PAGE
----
Contractors have a lot of responsibility. They must have extensive knowledge of zoning regulations and building codes, along with construction and architectural design requirements. Whether overseeing the construction of a residential building or large commercial project, care must be taken to ensure that the complexity of a project is understood. When it is not, the result can be disastrous.
Denver Airport Baggage Claim
While completing the construction of the Denver International Airport, problems with the baggage claim areas cost an additional $560 million due to delays. Poor planning resulted in a cost of over $1 million daily for maintenance. Beyond that, the new airport remained idle for 16 months while repairs were ongoing.
The city of Denver sought to build a baggage handling system that was fully automated. Multiple concourses were intended to be fully integrated. After engineers were brought in to rectify the problem, only one concourse remained automated. The others used a tug and trolley type system, which was built quickly to get the project back on track. This manual system actually ended up costing less.
Multiple reasons contributed to this fiasco, including problems with architecture and lack of attention to expert advice. The original project underestimated the complexity of the system. In addition, there was no backup system. The budget was grossly underestimated, as was scheduling.
Tacoma Narrows Bridge
The Tacoma Narrows Bridge, opened in 1940, designed as a flexible suspension bridge. High winds caused the bridge to sway. Engineers in charge of the design had failed to take the strong winds into account. The bridge collapsed on Nov. 7, 1940. Investigations found that vibrations caused by the wind made it collapse. The replacement bridge, opened in 1950, took two years to build and took into consideration the failures of the earlier suspension bridge.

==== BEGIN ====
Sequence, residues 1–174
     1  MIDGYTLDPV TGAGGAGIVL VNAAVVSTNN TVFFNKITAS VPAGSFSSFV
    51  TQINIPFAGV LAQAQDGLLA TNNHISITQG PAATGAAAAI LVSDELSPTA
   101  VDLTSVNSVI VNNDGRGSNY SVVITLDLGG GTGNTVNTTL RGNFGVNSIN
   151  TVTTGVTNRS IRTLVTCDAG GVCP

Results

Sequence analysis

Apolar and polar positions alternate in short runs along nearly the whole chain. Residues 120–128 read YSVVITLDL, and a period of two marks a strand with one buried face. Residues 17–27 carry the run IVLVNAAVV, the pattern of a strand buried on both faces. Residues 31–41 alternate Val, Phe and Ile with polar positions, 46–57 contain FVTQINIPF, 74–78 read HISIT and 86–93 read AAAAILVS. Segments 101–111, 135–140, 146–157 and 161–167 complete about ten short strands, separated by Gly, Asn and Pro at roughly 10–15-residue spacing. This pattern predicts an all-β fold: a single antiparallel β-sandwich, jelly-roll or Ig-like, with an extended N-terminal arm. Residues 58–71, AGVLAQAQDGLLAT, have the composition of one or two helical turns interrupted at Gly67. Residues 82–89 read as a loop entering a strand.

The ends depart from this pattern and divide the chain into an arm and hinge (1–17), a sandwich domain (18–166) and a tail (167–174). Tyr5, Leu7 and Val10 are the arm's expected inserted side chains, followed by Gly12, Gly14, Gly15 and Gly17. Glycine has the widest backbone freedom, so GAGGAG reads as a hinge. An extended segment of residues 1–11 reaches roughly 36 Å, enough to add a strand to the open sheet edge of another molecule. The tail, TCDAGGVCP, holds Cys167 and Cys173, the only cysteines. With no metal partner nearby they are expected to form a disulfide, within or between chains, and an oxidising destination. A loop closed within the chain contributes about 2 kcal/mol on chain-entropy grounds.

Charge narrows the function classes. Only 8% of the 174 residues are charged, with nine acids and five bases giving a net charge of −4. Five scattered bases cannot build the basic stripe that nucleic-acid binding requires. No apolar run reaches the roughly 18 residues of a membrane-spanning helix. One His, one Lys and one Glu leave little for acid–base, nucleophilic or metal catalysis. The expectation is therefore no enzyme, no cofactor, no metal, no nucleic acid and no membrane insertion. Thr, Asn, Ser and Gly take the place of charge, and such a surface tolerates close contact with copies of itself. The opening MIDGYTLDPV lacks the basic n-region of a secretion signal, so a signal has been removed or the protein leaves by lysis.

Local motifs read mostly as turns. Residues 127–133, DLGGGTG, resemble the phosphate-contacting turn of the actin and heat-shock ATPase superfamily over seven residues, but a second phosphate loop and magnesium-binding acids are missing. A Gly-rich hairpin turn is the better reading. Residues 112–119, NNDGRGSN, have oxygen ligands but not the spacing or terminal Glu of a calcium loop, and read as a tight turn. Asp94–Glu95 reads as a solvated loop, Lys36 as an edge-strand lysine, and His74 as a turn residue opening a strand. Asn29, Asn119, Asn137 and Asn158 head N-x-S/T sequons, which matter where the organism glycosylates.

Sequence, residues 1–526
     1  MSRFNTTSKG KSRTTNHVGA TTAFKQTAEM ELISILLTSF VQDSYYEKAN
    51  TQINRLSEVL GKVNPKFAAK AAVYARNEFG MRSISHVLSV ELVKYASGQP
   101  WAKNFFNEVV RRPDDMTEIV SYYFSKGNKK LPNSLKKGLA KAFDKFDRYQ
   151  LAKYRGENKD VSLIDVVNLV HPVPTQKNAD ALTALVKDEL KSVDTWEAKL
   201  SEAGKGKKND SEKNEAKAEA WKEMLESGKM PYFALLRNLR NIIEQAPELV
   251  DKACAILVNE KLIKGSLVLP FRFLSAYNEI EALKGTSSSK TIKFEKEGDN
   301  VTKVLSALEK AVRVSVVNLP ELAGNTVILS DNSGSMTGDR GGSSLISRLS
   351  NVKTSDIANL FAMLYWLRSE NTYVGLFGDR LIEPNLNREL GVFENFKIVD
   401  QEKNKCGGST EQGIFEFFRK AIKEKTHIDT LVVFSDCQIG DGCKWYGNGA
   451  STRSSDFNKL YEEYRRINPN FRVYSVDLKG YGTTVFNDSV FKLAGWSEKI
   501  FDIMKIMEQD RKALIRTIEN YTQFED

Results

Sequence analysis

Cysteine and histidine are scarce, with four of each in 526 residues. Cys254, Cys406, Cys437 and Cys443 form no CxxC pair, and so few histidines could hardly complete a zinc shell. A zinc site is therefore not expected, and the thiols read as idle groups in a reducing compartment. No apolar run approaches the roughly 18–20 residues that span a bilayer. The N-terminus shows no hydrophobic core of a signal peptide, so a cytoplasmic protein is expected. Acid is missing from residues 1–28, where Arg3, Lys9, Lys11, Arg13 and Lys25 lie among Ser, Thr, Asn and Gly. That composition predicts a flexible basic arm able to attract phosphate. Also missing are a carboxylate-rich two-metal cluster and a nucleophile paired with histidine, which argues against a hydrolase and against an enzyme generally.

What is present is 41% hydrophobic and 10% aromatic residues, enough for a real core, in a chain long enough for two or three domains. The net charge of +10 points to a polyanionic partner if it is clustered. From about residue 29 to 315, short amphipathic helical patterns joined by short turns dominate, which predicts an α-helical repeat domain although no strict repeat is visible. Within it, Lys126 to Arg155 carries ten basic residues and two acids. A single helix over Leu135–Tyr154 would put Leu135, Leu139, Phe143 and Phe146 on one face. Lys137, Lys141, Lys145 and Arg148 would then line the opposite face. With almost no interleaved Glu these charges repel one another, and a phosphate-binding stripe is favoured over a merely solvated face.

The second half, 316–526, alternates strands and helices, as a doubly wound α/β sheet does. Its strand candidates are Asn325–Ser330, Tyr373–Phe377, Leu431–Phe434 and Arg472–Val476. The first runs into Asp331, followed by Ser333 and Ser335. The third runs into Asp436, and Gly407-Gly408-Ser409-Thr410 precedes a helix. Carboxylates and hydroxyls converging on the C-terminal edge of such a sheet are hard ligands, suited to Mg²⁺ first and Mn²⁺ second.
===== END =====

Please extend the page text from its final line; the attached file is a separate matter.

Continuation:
Hyatt Regency in Kansas City
This hotel in Missouri had two walkways collapse in 1981 due to a connection failure of one of the walkways. It resulted in the deaths of 114 people and injury to 216. Construction of the hotel, begun in 1978, was subject to setbacks and delays, including the collapse of the roof over the atrium, also due to a connection failure. Glass, concrete and steel elevated walkways were built to connect three separate floors between the south and north hotel wings. However, a flaw in the design placed too much load on one of the connections on the fourth floor walkway. The added weight of individuals standing on the walkway contributed to its collapse onto the second floor walkway. Both crashed onto the lobby floor, causing the injuries and deaths. Changes in the original plans were found to have caused the disaster.
Common Contractor Errors
Contractor errors can include improper management of overhead, hiring subcontractors with inadequate qualifications, misunderstanding contract language, not keeping up with changes in building codes, and taking on jobs that are too far in excess of the contractor’s core competencies. Underestimating the complexity of a project can result in a contractor getting in over his head. Taking continuing-education courses helps you keep up with new regulations.
Renewing Your Annual License
Errors at any stage of a construction project can result in delays, cost overruns or other serious consequences. Once a contractor is licensed, it is necessary to take continuing education classes to maintain that license.
PDH Contractor Academy provides an easy way to study at home to renew your license by taking your required continuing-education courses online. Our courses are state-approved for Florida, Minnesota, Oregon, Massachusetts and Michigan. When you pass your required exams, you can download your certificate. We send the results to the appropriate licensing board to make it easy for you to renew your license. Browse courses by state to find the classes that suit your needs.